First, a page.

Gybing a powerful offshore boat like a VO70 in big breeze is a fraught manoeuvre; team boss and former Olympian Konrad Lipski shares tips on how to gybe in strong winds and reducing the risk with Andy Rice

Gybing any boat in strong wind can be loaded with jeopardy but it’s particularly risky on a powerful boat like a VO70. The boat that was originally constructed for US skipper Ken Read’s Puma campaign in the Volvo Ocean Race, Mar Mostro is now enjoying a fulfilling second life as I Love Poland, a low-budget but well-run campaign on the offshore racing circuit.

Lipski says they’re keen to avoid a second mast breakage (Mar Mostro dismasted 2,000 miles from Cape Town in 2011), which is why the team runs such tight procedures on high risk manoeuvres like a heavy-air gybe. The rig set up on the VO70 demands slick crew routines.

“I spoke to the guys on the Figaro circuit about how they’re gybing single-handed in the middle of the night, and they don’t care about the runners because the spreaders are angled backwards enough to support the mast through the whole manoeuvre,” explains Lipski. “But on the VO70 we have zero degrees of spreader deflection so zero support from the back of the boat. We’re purely reliant on the runners and mainsheet tension.”

The other challenge for this campaign is the team is constantly bringing in new, young sailors, typically from a strong dinghy racing background but with next-to-no big boat experience. So having a clear procedure for vital manoeuvres is key to keeping the boat in one piece and the mast upright. Here are Konrad’s five best tips on how to safely execute a strong-wind gybe.

Chain of command

Make sure there’s a clear chain of command on the boat. Of course that’s not just for heavy air gybes, although it’s hard to think of a manoeuvre that tests that chain of command more than this one. As the navigator on board I Love Poland I also do the strategy and tactics. So I’m in constant conversation with the skipper and the helmsman. The helmsman then calls for the rest of the crew – the trimmers and grinders in particular – to be ready for the gybe.

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All hands on deck

When you’re racing offshore in a watch system, it’s vital to have as many crewmembers on deck as possible [going into the gybe]. We need to ensure we have enough power on the grinders, to have maximum control of the sails. When the wind speed reaches 30 knots or more, we require all hands on deck. Make sure all grinders are manned, no empty handles!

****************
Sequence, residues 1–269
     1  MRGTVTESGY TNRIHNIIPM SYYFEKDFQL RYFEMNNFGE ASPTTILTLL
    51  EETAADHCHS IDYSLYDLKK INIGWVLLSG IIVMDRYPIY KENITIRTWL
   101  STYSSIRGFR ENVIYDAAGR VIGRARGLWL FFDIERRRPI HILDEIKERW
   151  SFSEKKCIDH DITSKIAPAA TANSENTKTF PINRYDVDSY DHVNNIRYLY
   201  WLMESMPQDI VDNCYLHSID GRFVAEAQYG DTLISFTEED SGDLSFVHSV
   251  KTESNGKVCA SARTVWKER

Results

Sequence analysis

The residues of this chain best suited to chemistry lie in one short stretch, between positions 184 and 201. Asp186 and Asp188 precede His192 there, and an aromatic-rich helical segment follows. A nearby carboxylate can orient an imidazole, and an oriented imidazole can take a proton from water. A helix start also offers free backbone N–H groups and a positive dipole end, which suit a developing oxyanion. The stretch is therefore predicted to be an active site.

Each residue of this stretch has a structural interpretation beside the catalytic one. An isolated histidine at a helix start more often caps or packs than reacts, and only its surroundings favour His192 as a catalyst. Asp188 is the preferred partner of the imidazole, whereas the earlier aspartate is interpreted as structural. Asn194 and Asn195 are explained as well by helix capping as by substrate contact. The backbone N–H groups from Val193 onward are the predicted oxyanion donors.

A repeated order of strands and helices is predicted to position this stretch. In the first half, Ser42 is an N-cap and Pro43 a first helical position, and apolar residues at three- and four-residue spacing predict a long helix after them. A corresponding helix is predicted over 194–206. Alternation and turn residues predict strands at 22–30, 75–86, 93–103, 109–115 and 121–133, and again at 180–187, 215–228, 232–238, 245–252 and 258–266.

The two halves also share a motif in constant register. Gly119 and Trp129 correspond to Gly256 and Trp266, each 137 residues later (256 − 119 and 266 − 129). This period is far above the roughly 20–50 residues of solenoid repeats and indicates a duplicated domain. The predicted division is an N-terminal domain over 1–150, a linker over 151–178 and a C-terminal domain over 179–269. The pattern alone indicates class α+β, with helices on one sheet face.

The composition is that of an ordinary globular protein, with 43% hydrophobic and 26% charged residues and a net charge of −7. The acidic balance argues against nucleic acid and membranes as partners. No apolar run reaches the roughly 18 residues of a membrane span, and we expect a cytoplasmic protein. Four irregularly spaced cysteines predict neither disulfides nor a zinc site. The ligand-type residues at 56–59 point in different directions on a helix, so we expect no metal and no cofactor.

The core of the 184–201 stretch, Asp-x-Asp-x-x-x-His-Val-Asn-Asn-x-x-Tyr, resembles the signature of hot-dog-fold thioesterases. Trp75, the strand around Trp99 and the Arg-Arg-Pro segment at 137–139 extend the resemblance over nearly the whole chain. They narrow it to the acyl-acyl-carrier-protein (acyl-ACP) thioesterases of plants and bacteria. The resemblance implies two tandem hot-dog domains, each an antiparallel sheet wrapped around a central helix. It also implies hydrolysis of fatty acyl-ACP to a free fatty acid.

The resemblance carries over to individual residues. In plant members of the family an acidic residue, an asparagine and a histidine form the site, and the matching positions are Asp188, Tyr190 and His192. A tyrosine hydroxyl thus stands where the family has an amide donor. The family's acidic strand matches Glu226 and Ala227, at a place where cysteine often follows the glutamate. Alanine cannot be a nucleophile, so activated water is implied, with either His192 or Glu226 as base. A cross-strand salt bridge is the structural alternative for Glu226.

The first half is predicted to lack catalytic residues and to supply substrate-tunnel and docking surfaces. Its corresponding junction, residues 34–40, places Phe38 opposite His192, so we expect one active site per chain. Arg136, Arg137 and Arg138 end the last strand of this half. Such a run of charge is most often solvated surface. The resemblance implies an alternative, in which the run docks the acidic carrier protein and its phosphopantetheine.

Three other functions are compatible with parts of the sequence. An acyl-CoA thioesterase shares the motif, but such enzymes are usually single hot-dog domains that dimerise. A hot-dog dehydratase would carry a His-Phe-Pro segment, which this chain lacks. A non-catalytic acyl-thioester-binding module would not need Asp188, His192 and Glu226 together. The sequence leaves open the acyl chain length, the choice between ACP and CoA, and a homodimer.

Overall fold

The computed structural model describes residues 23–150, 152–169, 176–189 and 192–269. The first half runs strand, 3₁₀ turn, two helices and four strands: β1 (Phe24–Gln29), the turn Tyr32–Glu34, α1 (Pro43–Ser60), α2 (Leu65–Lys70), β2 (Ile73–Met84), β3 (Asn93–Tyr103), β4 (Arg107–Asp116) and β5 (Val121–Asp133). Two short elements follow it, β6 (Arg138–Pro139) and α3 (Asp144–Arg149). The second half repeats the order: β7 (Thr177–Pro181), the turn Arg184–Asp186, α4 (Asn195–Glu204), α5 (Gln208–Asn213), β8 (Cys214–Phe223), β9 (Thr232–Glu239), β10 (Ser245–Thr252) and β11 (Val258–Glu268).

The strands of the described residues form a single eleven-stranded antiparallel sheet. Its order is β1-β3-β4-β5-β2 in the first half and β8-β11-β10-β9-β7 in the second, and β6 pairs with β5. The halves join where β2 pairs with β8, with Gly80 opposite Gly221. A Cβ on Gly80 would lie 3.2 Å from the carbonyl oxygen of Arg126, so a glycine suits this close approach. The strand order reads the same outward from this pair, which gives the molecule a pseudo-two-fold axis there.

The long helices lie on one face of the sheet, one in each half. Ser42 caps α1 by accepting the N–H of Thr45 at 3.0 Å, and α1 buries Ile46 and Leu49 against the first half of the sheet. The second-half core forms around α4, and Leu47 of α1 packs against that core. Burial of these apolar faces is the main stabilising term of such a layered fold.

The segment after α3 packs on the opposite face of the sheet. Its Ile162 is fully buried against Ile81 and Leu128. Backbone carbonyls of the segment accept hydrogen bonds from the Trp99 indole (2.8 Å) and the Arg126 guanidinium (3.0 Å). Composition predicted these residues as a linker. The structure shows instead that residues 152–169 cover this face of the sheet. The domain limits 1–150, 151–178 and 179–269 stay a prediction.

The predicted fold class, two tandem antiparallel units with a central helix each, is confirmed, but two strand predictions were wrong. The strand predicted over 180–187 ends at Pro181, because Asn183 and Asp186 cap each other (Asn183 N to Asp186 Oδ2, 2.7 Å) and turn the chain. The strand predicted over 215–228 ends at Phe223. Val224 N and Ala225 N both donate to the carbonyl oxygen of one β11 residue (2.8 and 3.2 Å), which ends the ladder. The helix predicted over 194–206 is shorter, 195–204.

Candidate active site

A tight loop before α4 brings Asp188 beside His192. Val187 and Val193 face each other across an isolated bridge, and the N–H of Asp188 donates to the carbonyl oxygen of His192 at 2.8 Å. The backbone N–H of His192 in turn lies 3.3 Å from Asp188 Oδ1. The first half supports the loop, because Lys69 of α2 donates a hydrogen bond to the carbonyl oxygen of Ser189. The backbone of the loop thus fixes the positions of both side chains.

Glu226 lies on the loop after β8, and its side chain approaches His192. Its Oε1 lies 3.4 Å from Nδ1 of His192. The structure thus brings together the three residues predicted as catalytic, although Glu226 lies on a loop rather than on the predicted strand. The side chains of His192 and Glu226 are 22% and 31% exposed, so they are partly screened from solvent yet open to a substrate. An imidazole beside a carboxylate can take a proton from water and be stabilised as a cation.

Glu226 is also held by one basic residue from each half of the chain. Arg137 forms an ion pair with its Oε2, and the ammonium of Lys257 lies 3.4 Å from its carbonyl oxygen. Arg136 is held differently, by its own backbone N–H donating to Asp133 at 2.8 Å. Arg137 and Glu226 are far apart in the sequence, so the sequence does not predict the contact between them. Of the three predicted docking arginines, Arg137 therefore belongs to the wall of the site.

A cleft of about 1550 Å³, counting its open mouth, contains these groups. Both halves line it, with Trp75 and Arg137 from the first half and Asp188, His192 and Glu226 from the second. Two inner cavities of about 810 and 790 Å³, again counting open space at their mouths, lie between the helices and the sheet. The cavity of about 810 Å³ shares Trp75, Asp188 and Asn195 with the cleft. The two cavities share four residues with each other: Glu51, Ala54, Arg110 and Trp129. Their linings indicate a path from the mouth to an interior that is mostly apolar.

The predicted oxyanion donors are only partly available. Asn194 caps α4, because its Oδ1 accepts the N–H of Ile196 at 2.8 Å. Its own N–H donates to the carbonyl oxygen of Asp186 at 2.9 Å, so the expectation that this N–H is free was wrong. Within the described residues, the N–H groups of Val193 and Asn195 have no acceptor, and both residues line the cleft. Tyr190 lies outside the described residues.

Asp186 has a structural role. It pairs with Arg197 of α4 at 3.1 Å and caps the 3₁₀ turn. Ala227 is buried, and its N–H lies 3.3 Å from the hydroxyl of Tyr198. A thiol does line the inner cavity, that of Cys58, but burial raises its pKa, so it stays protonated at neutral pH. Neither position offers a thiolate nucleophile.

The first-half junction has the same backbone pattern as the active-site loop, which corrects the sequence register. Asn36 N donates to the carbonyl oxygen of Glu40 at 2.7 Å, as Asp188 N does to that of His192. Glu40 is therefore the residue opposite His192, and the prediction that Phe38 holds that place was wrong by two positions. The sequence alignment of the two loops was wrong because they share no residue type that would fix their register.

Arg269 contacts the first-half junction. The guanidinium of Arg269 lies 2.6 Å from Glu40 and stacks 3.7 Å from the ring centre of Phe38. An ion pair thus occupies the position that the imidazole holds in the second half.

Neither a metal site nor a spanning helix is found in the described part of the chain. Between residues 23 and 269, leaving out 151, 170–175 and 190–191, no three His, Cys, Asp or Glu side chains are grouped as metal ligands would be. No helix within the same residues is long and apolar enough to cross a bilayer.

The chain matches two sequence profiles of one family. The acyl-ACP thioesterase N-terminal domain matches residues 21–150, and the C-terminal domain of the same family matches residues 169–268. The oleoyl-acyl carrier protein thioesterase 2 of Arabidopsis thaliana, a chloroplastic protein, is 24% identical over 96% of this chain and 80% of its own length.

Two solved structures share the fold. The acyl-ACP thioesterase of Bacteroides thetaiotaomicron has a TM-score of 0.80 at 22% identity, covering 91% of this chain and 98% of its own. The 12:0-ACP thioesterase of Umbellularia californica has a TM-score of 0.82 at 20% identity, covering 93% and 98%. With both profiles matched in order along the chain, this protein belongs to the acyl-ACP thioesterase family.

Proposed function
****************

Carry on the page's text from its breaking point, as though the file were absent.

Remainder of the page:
You also need to ensure the sheets for the gennaker are free of knots or obstructions; the pressure on the sail is high. We also need two people on the runners to ensure they remain stable during the sail manoeuvre – they’re essential for safety.

Another critical crew member is the mainsail trimmer, who needs to co-ordinate with the runners and the rest of the team. Losing a runner during the manoeuvre can be dangerous, especially if you find yourself spinning into a Chinese gybe. So it’s vital for the mainsail trimmer to keep the mainsail centred for as long as possible to provide backup to the runners and extra insurance to help keep the mast straight.

A VO70 masthead spinnaker is 500m2, requiring a full team on deck and the grinders to control it. Photo: James Mitchell/RORC

Choose your wave

Before the helmsman starts bearing away for the start of the gybe, we get confirmation from everyone on board that they’re ready. Usually this confirmation goes from the trimmer to the helmsman because the trimmer has an overview of the whole cockpit and is also the person who makes sure the sheets are ready to run smoothly on the gennaker.

When the helmsman gets the signal to go, look for a moment to bear away down the face of a wave, just to take some pressure out of the sails as the boat accelerates down it. From there the mainsail is sheeted to the centre and after that it’s all down to the co-ordination of the crew.

Smooth transition

It’s key to co-ordinate the transition to the new gybe. As the boat goes through the gybe, the old gennaker sheet is released and the grinders help the trimmer pull in the new sheet to get the gennaker set as quickly as possible. The sooner you’re back up to full pace, the safer you are.

The I Love Poland crew setting off on their way to a RORC Transatlantic Race win. Photo: James Mitchell/RORC

As soon as the new windward runner is secure, there needs to be a clear confirmation. That’s also the signal that the new leeward runner can be eased, and the mainsail soon afterwards. If in doubt, we keep these on longer than necessary, to stay on the safe side of keeping the mast intact. But the more you practise this manoeuvre, the more confident and faster you will become.

And the faster you get, the less downtime between gybes there will be. This is the aim, because the less time you spend down-speed during the manoeuvre, the quicker you take the load off the sails and the rig.

Share learnings

Because we’re always bringing new crew on board for the first time, often with only dinghy sailing experience, we make sure we spread the experience around the boat in the most important areas.

Our goal is to have at least one experienced crewmember on each position on board, and during manoeuvres or watch systems we double up wherever we can. During training we talk through every detail and discuss every procedure as much as possible to make the sailing process more effective.

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